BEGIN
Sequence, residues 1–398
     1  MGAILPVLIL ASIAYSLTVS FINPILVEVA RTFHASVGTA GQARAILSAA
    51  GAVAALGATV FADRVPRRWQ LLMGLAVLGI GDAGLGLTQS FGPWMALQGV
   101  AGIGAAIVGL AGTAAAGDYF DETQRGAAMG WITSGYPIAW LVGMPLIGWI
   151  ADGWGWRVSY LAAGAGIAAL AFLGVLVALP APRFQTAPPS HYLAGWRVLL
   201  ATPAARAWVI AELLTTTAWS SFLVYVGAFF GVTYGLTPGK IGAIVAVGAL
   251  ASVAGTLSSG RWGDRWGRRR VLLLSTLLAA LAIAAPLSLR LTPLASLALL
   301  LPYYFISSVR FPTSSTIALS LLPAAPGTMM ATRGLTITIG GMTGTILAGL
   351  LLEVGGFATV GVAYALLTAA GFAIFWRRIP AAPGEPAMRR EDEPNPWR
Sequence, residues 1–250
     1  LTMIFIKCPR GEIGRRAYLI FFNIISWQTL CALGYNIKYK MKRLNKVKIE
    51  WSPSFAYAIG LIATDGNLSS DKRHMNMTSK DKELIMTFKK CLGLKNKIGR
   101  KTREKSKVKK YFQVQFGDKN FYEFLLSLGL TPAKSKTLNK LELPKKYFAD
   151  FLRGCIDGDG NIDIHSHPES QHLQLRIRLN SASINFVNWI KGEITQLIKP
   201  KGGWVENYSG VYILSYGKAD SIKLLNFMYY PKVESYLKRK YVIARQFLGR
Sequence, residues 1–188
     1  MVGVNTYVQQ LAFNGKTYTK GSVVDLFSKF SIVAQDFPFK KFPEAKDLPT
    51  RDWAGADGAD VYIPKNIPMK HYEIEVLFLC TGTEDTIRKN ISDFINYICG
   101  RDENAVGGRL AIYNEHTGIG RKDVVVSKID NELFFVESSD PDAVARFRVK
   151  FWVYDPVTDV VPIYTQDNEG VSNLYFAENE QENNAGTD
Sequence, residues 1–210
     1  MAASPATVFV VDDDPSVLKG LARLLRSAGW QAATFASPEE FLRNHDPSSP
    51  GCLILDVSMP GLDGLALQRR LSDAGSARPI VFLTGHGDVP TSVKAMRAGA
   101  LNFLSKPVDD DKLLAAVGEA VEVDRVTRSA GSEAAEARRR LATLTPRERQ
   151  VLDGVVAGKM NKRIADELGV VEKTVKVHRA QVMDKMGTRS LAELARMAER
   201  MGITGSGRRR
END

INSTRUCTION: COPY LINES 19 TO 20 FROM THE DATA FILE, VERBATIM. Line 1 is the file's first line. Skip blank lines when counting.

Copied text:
   101  RDENAVGGRL AIYNEHTGIG RKDVVVSKID NELFFVESSD PDAVARFRVK
   151  FWVYDPVTDV VPIYTQDNEG VSNLYFAENE QENNAGTD